Teller Career

Job Description: Receive and pay out money. Keep records of money and negotiable instruments involved in a financial institution's various transactions.


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What Tellers do:

  • Answer telephones and assist customers with their questions.
  • Balance currency, coin, and checks in cash drawers at ends of shifts and calculate daily transactions, using computers, calculators, or adding machines.
  • Cash checks and pay out money after verifying that signatures are correct, that written and numerical amounts agree, and that accounts have sufficient funds.
  • Enter customers' transactions into computers to record transactions and issue computer-generated receipts.
  • Process transactions, such as term deposits, retirement savings plan contributions, automated teller transactions, night deposits, and mail deposits.
  • Receive checks and cash for deposit, verify amounts, and check accuracy of deposit slips.
  • Examine checks for endorsements and to verify other information, such as dates, bank names, identification of the persons receiving payments, and the legality of the documents.
  • Prepare and verify cashier's checks.
  • Resolve problems or discrepancies concerning customers' accounts.
  • Identify transaction mistakes when debits and credits do not balance.
  • Arrange monies received in cash boxes and coin dispensers according to denomination.
  • Explain, promote, or sell products or services, such as travelers' checks, savings bonds, money orders, and cashier's checks, using computerized information about customers to tailor recommendations.
  • Count currency, coins, and checks received, by hand or using currency-counting machine, to prepare them for deposit or shipment to branch banks or the Federal Reserve Bank.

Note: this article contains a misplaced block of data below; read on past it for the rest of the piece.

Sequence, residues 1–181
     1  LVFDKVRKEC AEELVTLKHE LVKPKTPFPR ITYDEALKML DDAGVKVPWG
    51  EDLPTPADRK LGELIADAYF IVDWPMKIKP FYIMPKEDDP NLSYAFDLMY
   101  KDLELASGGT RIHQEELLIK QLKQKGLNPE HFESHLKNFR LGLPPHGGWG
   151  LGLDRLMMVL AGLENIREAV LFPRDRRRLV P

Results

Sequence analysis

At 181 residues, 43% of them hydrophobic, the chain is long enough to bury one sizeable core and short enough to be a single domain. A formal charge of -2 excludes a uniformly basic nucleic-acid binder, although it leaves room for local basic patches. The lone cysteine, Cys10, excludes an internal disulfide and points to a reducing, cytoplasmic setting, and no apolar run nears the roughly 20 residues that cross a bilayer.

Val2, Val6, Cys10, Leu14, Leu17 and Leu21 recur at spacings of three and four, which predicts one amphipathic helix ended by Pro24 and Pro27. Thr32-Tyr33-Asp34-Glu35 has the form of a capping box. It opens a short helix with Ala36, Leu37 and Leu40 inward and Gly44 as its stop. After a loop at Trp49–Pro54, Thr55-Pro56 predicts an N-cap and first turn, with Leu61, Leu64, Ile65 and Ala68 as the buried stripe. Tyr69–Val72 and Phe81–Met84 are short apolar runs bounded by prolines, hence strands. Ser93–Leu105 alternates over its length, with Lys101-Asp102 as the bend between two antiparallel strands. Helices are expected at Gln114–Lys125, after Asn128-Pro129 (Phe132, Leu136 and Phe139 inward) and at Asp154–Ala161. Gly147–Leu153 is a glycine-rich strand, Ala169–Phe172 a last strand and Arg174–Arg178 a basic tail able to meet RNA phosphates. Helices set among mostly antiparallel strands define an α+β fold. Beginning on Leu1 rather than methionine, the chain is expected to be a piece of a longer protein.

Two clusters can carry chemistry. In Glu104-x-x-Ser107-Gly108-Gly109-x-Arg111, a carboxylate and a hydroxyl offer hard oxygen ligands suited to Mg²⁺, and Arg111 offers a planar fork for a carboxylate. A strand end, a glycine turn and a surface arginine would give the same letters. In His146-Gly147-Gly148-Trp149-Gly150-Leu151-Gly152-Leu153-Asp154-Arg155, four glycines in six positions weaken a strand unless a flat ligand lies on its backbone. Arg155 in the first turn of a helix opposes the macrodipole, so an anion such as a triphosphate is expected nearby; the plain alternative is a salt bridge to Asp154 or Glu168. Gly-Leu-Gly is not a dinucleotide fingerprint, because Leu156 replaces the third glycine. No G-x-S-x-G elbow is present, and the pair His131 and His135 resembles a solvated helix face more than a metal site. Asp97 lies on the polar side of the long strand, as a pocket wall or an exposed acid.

• Receive mortgage, loan, or public utility bill payments, verifying payment dates and amounts due.
  • Sort and file deposit slips and checks.
  • Monitor bank vaults to ensure cash balances are correct.
  • Carry out special services for customers, such as ordering bank cards and checks.
  • Receive and count daily inventories of cash, drafts, and travelers' checks.
  • Order a supply of cash to meet daily needs.
  • Perform clerical tasks, such as typing, filing, and microfilm photography.
  • Count, verify, and post armored car deposits.
  • Obtain and process information required for the provision of services, such as opening accounts, savings plans, and purchasing bonds.
  • Inform customers about foreign currency regulations and compute transaction fees for currency exchanges.
  • Compute financial fees, interest, and service charges.
  • Process and maintain records of customer loans.
  • Compose, type, and mail customer statements and other correspondence related to issues such as discrepancies and outstanding unpaid items.
  • Issue checks to bond owners in settlement of transactions.
  • Quote unit exchange rates, following daily international rate sheets or computer displays.